I think one of the key quotes of this great short story that introduces the central conflict between the individual and nature comes towards the beginning of the story after we have had our initial introduction to "the man." Of course, you might like to think about why London leaves "the man" nameless and only refers to him in this way--that in itself seems to suggest the insignificance of man against the might of nature. However, consider the following quote:
Fifty degrees below zero meant eighty-odd degrees of frost. Such fact impressed him as being cold and uncomfortable, and that was all. It did not lead him to meditate upon his frailty as a creature of temperature, and upon man's frailty in general, able only to live within certain narrow limits of heat and cold, and from there on it did not lead him to the conjectural field of immortality and man's place in the universe.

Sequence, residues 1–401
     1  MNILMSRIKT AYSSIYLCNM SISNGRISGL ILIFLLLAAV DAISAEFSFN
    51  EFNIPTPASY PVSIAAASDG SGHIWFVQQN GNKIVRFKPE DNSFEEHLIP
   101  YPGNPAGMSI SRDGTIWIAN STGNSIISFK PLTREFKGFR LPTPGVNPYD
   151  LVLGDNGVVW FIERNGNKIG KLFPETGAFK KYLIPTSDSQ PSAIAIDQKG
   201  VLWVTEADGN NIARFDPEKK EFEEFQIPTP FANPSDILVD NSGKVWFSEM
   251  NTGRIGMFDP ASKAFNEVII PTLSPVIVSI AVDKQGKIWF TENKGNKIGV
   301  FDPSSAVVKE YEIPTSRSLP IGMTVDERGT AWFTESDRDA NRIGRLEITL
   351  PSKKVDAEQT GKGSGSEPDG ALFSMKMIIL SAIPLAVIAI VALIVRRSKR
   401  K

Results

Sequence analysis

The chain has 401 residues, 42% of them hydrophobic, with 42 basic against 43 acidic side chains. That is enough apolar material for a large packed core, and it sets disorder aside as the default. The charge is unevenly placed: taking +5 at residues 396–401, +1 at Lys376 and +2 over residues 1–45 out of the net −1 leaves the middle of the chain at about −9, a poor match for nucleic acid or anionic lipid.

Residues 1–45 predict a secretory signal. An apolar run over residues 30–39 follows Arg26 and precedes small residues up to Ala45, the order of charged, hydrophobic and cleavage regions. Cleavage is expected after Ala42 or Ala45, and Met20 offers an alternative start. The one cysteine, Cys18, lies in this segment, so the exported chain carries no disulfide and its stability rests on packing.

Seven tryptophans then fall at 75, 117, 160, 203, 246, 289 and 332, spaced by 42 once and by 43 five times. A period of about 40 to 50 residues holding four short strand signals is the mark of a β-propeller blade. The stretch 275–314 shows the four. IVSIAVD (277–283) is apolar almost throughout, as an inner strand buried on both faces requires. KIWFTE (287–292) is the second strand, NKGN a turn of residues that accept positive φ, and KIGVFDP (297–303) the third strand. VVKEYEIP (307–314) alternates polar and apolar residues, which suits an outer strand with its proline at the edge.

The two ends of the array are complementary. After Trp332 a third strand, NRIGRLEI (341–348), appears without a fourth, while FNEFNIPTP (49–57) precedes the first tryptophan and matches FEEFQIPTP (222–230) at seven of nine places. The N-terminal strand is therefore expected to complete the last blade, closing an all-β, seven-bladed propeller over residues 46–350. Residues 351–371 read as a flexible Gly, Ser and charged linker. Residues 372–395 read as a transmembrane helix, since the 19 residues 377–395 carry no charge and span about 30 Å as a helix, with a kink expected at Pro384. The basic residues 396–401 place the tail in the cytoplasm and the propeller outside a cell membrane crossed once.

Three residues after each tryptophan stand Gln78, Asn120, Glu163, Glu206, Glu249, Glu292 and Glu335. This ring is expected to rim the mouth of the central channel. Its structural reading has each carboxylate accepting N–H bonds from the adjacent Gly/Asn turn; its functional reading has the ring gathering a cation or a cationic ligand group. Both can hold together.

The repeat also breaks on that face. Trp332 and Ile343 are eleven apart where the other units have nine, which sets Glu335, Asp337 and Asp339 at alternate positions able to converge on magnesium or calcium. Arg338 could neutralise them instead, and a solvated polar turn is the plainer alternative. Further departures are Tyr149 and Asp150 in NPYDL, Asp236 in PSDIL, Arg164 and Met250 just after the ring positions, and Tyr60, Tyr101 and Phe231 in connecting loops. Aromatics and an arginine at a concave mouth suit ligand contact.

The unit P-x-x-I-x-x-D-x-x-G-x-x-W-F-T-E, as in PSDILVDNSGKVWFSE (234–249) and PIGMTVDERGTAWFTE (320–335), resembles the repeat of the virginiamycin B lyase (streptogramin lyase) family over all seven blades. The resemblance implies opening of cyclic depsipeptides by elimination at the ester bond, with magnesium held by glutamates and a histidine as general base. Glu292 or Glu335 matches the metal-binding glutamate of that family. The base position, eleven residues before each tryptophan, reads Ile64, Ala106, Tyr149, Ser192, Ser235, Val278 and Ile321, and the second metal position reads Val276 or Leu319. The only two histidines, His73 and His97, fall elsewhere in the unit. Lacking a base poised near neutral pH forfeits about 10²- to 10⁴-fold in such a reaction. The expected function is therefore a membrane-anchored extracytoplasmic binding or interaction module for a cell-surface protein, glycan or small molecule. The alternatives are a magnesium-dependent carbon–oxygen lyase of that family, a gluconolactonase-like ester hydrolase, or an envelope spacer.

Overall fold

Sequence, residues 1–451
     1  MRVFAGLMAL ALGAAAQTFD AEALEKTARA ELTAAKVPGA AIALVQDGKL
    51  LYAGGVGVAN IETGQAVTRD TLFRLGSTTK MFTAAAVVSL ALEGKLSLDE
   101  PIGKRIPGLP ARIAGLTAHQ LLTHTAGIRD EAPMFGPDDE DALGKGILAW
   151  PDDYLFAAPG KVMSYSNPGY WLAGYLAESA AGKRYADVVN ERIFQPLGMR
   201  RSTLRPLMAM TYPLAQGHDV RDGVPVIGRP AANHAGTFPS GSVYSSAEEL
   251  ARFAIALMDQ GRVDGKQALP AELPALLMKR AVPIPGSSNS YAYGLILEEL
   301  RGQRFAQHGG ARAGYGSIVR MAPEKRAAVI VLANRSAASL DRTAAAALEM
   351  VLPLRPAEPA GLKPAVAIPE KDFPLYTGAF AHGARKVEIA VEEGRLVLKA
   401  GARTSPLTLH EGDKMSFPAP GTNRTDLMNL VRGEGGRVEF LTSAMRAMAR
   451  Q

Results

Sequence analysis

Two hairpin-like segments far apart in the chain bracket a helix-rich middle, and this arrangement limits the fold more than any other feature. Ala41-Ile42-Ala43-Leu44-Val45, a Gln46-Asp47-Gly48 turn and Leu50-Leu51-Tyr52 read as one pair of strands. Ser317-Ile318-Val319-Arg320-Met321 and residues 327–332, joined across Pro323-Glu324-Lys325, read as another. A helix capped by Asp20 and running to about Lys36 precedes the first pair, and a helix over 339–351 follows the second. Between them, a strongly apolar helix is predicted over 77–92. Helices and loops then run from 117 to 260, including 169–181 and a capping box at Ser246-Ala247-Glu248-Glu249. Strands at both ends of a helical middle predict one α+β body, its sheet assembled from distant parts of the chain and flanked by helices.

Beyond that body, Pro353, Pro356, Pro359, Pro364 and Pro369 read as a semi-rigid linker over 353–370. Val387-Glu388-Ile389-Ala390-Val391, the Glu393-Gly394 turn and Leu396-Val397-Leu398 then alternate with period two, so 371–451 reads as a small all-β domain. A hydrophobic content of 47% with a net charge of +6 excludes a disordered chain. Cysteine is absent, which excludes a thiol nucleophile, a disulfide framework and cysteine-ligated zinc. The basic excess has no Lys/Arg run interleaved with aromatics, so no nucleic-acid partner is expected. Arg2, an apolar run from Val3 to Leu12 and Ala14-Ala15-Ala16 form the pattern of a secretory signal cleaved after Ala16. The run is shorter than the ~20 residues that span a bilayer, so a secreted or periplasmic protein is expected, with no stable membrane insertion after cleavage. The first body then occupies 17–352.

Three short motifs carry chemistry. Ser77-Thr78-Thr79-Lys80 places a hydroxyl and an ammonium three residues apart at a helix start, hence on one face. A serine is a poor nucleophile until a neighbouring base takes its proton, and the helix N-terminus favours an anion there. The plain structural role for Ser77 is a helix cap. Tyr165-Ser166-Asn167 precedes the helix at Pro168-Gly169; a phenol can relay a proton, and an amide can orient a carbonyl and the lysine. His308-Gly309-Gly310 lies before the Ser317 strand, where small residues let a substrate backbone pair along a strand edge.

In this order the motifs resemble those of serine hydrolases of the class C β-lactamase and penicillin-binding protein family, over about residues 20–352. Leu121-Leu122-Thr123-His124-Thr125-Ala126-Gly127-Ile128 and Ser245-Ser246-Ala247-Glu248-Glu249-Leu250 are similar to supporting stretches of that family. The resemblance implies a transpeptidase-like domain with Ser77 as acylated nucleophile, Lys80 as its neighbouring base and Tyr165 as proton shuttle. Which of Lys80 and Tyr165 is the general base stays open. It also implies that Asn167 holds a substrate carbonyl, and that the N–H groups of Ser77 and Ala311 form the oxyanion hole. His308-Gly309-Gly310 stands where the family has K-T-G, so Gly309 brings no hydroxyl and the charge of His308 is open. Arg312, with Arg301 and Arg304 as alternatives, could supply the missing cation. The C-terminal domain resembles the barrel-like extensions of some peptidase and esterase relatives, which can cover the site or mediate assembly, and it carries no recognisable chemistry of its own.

Note how the arrogance and limited vision of the man is referred to. He accepts that it is cold, but is blind to the wider consequences of the tremendous power of nature, ignoring his "frailty" as a human being and suggesting his belief that he can survive in any situation. The man is shown to disregard nature as a separate, powerful entity that is able to kill him. It is this arrogance that costs the man his life.